13 August 2018

Patchwork Quilts and Kintsugi

There are many ways to look at Wellbeing and many analogies are used to explain it. One which I like is a patchwork quilt. A patchwork quilt takes time and love to put together. It takes small pieces of material and stitches them together to make something beautiful and practical. Its overall usefulness far outweighs the sum of its parts. In many ways, this is what wellbeing is about; it is about sourcing and then putting together the skills which, over time, can keep us healthy and helpful to others. What I also like about quilts is their mobility – they are something you can take with you and use as needed, something you can curl up with in front of a fire on a cold, wet and miserable day when your mood matches the weather. A patchwork quilt, like a strong sense of wellbeing, can help to change how you feel.

Kintsugi (meaning "golden joinery") is the Japanese art of repairing broken pottery with lacquer dusted with gold, silver or platinum. This artwork has a practical element to it: it is a way of making use of something which may appear damaged or imperfect. These pieces are incredible, and are actually stronger as a result of their kintsugi. This, too, we hope, is the effect that wellbeing will have; not only overcoming any challenges that get in our way, helping to repair ourselves when we suffer setbacks, and enabling us to come back stronger than before, but also being proud of the scars of life. Kintsugi treats breakage and repair as part of the history of an object, rather than something to disguise. If an object is well-used, it will suffer wear and tear. This can be seen as a rationale for keeping an object around even after it has broken, highlighting the cracks and repairs as simply an event in the life of an object rather than allowing its service to end at the time of its damage or breakage.

Things can actually become more beautiful, more effective, through the passage of time and the enduring of hardship. Like the laugh-lines on a face, we should not try to hide these, but celebrate them. These lines are the lines that describe a life lived in its entirety. Even the most well-made piece of porcelain is not perfect, and we should recognise this same fact in humans. We all need repairs at some stage, and those repairs can allow us to function better than before.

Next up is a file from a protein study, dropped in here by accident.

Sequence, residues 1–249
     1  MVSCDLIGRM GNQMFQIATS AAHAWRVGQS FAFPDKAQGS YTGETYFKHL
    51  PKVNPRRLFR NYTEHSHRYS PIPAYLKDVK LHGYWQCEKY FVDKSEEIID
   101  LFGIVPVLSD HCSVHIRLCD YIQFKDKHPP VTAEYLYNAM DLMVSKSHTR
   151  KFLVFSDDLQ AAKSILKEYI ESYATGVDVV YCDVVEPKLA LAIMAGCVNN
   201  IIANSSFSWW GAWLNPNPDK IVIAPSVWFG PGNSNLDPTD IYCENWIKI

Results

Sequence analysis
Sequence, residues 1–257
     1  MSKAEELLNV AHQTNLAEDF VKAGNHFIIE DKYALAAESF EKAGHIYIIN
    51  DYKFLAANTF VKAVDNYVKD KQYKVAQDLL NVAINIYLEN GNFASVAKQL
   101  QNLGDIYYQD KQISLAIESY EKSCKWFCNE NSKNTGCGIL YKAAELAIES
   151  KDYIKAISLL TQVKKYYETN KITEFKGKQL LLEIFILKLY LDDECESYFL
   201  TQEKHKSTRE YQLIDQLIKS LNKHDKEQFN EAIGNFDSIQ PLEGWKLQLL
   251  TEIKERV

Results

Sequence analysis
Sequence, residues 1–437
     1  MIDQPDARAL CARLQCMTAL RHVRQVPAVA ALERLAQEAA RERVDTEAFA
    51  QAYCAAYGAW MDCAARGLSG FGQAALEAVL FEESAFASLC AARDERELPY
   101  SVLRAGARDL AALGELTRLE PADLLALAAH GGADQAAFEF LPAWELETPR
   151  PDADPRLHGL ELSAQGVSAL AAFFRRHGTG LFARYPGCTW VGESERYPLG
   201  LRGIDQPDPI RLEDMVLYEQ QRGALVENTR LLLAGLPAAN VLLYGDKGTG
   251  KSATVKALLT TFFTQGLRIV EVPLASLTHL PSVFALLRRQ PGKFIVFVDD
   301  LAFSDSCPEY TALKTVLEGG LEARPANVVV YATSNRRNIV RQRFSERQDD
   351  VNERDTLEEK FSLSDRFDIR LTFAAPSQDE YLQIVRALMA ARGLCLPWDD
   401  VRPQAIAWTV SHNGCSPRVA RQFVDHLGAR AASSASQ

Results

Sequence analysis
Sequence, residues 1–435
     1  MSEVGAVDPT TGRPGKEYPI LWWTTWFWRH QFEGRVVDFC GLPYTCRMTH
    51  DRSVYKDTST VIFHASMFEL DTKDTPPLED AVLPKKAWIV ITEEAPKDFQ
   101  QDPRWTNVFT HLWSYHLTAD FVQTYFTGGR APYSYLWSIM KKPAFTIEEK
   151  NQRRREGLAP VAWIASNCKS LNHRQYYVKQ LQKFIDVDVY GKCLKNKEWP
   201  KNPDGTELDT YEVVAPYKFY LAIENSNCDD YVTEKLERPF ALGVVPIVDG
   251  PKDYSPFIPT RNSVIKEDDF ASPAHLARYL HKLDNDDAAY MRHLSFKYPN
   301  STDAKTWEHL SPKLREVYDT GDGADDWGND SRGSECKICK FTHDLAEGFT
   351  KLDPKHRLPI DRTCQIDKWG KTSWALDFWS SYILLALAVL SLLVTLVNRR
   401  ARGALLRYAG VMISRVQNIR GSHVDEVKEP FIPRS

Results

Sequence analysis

Brain Reset

As we approach the examination period for Years 11 and 12, we will again be running our Brain Reset sessions with Helen Heppingstone after school. These sessions are designed to help the students better manage their stress. They do this through learning to relax their bodies, which then allows them to learn how to relax their minds. This enhances the capacity to remember and enables each person to get more out of their time. Some people think there is not much to be gained from using mindfulness and meditation, but this gymming for the mind. And like going to the gym, if we only do something once or twice, we cannot expect to gain much benefit from it.

Students who attended the last set of sessions provided overwhelmingly positive feedback. I have spoken to the Year 12s about this twice and have also contacted the Year 11s. I would ask you to strongly encourage your son to attend – the sessions are free and the greatest benefit is gained by regular attendance. This should become a part of your son's routine in the lead-up to the exams. The sessions will run on Tuesdays and Wednesdays this time, to accommodate students who have after-school activities.

  • Tuesday 21 and Wednesday 22 August (3.45-4.30pm) (Week 5)
  • Tuesday 28 and Wednesday 29 August (3.45-4.30pm) (Week 6)
  • Tuesday 4 and Wednesday 5 September (3.45-4.30pm) (Week 7)
  • Tuesday 11 and Wednesday 12 September (3.45-4.30pm) (Week 8 – Year 11 exams)
  • Tuesday 18 and Wednesday 19 September (3.45-4.30pm) (Week 9 – Year 11 exams)
  • Tuesday 25 and Wednesday 26 September (3.45-4.30pm) (Holidays Week 1 Year 12 exams)

We will also be running similar sessions with Year 7 students during school time on Friday afternoons after the end of the Winter Sport season. The earlier our boys can learn these skills, the better for their long-term wellbeing. The dates are:

  • Friday afternoon 1.15-3.15pm 24 August (Week 5)
  • Friday afternoon 1.15-3.15pm 31 August (Week 6)
  • Friday afternoon 1.15-3.15pm 7 September (Week 7)
  • Friday afternoon 1.15-3.15pm 14 September (Week 8)

Mr James Hindle
Director of Student and Staff Wellbeing